Drug samples can mean fewer generic prescriptions for the uninsured
■ A study's findings raise questions about whether the benefits of drugmakers' free samples outweigh patients' out-of-pocket costs.
By Kevin B. O’Reilly — Posted Oct. 6, 2008
Without brand-name drug samples to hand out, physicians are three times more likely to prescribe generic medications for their uninsured patients, according to a study in the September Southern Medical Journal.
The study looked at prescribing habits of 70 doctors at a university-affiliated internal medicine practice in the nine months before and after an office move meant losing access to a secure place to store drug samples.
When doctors had access to samples, they wrote prescriptions for generics 12% of the time for uninsured patients. They ordered generic drugs 30% of the time when no drug samples were available. Uninsured patients' out-of-pocket costs declined after the sample closet was closed, but the drop was not statistically significant.
The study appears to be the first to look at how samples affect doctors' prescribing for uninsured patients. The findings come amid increased scrutiny of many forms of industry-medicine relationships, from drugmakers' funding of medical education and physician speakers to gifts such as pens and notepads.
Because physicians often use drug samples to aid uninsured patients, such samples have not been targeted by lawmakers. But critics say drugmakers use the free medicine to influence physician prescribing behavior, and they argue that doctors should refuse them. More than 90% of physicians accept samples from drug reps.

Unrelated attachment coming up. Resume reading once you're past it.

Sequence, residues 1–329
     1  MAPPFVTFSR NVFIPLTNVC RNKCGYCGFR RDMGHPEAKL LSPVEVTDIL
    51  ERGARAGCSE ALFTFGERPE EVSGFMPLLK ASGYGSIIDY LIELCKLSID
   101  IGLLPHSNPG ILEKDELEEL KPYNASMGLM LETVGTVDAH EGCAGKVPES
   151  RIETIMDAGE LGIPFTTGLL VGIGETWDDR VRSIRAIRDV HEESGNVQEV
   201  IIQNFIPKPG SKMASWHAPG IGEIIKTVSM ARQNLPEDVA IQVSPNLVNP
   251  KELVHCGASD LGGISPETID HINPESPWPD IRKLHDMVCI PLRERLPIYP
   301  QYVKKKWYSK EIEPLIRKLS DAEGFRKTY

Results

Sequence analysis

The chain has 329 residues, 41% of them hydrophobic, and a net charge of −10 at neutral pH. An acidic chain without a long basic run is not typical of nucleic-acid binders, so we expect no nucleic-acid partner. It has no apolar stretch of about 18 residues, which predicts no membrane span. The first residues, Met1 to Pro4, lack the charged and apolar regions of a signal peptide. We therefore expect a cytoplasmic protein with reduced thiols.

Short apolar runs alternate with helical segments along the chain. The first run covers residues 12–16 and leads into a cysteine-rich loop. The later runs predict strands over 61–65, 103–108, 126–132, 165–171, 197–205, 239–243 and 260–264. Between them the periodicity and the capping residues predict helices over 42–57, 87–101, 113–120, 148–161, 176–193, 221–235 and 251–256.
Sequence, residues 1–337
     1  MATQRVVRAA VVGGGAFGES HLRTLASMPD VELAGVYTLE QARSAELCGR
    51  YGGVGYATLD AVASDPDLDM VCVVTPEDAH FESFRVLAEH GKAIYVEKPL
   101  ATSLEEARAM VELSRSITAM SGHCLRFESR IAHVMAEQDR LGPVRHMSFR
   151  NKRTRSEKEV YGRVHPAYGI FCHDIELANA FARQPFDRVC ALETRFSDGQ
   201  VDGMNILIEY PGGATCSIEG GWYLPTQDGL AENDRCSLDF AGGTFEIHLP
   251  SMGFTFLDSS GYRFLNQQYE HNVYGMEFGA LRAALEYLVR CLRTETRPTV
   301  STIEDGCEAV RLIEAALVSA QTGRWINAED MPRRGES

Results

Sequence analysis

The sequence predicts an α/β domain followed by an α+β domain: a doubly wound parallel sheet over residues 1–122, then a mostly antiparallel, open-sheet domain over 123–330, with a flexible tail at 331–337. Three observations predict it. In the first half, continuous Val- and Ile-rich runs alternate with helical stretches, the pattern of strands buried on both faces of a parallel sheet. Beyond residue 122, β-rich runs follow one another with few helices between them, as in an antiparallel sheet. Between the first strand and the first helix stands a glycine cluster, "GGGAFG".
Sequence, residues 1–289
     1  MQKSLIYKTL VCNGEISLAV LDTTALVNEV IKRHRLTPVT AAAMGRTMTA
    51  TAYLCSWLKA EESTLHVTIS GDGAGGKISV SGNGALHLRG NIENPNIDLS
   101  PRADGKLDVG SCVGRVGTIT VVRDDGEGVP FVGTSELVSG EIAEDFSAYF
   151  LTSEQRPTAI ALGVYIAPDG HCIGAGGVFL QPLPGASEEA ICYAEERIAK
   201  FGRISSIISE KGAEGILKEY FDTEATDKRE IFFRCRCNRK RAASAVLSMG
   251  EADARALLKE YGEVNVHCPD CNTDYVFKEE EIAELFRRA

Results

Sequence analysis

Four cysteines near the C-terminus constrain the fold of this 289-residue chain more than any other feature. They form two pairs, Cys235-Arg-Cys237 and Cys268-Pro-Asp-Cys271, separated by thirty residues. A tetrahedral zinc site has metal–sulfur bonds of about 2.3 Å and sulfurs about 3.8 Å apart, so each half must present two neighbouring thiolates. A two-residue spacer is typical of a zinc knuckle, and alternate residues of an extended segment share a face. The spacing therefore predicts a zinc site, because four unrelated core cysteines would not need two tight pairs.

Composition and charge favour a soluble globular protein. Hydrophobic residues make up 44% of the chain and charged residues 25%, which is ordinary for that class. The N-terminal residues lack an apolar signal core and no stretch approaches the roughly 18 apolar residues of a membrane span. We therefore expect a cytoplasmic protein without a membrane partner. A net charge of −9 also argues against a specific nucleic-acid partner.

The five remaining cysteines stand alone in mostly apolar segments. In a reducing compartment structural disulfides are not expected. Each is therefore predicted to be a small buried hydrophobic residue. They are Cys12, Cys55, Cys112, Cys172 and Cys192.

"Physicians need to ask themselves if drug samples are doing more harm than good," said David P. Miller, MD, lead author of the study and associate professor of internal medicine at Wake Forest University School of Medicine. "While drug samples might save patients money in the short term, they can also influence what physicians prescribe and result in much higher costs later."
Dr. Miller, who does not use samples in his practice, speculated that time-pressed physicians may rush to write brand-name refills, forgetting potential financial repercussions for uninsured patients.
The new study seems to confirm other findings that samples are associated with greater out-of-pocket costs for patients, experts said. For example, an April study in Medical Care found that patients who got samples paid $66 more for drugs over six months than patients who did not get them.
The lead author of the Medical Care article, G. Caleb Alexander, MD, said higher costs can affect clinical outcomes because more than one in five patients skips medications at some time to save money.
"Samples can provide valuable economic relief to patients, but in some settings they may be penny-wise and pound-foolish," said Dr. Alexander, assistant professor of medicine at the University of Chicago Pritzker School of Medicine.
But he added that it is too early to conclude that a no-samples policy is best, as long as doctors only hand out samples when they offer a clinical advantage over generic alternatives.
Ken Johnson, senior vice president of the Pharmaceutical Research and Manufacturers of America, said, "Critics overlook key facts when they question how much struggling patients benefit from low-cost or free medicines provided by America's pharmaceutical research companies." He said generics accounted for two-thirds of prescriptions filled last year, and that samples are but one factor among many influencing physicians' prescribing choices.
In a June report, the Assn. of American Medical Colleges said academic medical centers should distribute drugmaker-provided samples through a central system such as a campus pharmacy to reduce industry influence. AMA policy says physicians should not take samples for personal use or for friends or family.